(For my takes on the previous releases, see here and here.)
As my RMC colleague Christian Leuprecht notes, “The results largely confirm what we already know.”
Only 14% of Canadians consider foreign policy to be very important, and less than a third expect foreign policy to play more of a role in their voting decision in the next election.
If there is so little that is new here, why write about it? Because the raw data are fascinating, particularly when it comes to age and gender.
Consider the following: “Canada should more often side with the alliance of democracies rather than always go along with what multilateral organizations like the UN want.”
A full 25% of men age 55 and over strongly agreed with this statement. Just 2% of women between 18 and 34 did.
Even more interesting, 54% of these women answered that they didn’t know, as did 40% of the women polled between the ages of 35 and 54. No more than 24% of men of any age group were similarly unsure.
When asked whether “Canada should build closer relationships with other democratic countries in the IndoPacific region,” 48% of women between ages 18 and 34 again had no opinion, while only 12% of men from the same age cohort answered the same way.
A similar gap was evident in a question about whether Canada should pursue a seat on the UN Security Council, and another about whether Canada should be more active in NATO.
On the other hand, the same female cohort was twice as likely to think that Canada should spend less on defence, and more supportive than any other cohort of a national commitment to global poverty eradication.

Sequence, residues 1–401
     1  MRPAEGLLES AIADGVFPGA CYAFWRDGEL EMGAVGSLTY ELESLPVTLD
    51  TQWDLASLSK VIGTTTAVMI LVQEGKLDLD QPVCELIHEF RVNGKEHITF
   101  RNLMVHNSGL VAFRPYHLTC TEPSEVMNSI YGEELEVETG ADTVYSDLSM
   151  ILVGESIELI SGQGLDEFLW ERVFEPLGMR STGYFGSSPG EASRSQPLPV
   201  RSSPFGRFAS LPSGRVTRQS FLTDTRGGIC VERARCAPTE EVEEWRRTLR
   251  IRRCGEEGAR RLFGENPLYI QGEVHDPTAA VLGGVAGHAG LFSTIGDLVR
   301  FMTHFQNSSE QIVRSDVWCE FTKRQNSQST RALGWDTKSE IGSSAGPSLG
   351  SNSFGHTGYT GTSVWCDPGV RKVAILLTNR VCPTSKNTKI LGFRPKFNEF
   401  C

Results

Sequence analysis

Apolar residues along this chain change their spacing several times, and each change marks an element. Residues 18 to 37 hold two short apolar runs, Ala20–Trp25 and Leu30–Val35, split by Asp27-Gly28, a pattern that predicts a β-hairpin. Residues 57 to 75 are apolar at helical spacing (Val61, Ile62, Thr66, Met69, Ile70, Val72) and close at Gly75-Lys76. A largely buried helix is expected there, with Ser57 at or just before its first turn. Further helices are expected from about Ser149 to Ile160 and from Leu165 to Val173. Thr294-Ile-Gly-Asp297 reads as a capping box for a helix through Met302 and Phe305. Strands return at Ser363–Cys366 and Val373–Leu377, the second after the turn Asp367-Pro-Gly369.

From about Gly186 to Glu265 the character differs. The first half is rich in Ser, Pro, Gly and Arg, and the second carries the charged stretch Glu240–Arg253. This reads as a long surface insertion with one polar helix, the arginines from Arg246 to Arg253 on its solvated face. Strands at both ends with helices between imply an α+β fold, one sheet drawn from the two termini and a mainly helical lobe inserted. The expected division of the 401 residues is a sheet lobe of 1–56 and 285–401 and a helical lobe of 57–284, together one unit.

Part of the differences here are likely explained by men’s propensity to over-estimate their expertise and express strong opinions on issues that they might not actually know very much about.
But I suspect that there is more than that at play.
The majority of the foreign policy preferences examined in the survey lean conservative – and Conservative – and as Western Washington University’s Catherine Wineinger has noted, “The under-representation of women in right-wing parties is a global phenomenon.”
Devlen suggests that “the contours of a plausible consensus on Canadian foreign policy,” that includes “A resolve to stand shoulder to shoulder with democracies from around the world, proactively bolstering the Euro-Atlantic community, while strengthening Canada’s ties with fellow democracies in the Indo-Pacific and spending commensurate amounts on defence to assert Canada’s interests,” could be forthcoming.
Such a vision resonates among Canadian Conservatives already, but the MLI’s own data seem to indicate that it does not represent the predominant views of the next generation of Canadian women.
In that context, maybe doubling down on foreign policy isn’t the best way to expand the big blue tent.
Advisors to Erin O’Toole had best look at these numbers very carefully.
I am nowhere near qualified to examine the role of gender in foreign policy in serious depth. For that, I would suggest turning to my colleague, Andrea Lane. On gender and international security more broadly, take a look at the work of the University of Florida’s Laura Sjoberg. Not only is she incredibly prolific, she is also one of the most professional scholars I had the privilege of dealing with when I co-edited International Journal.
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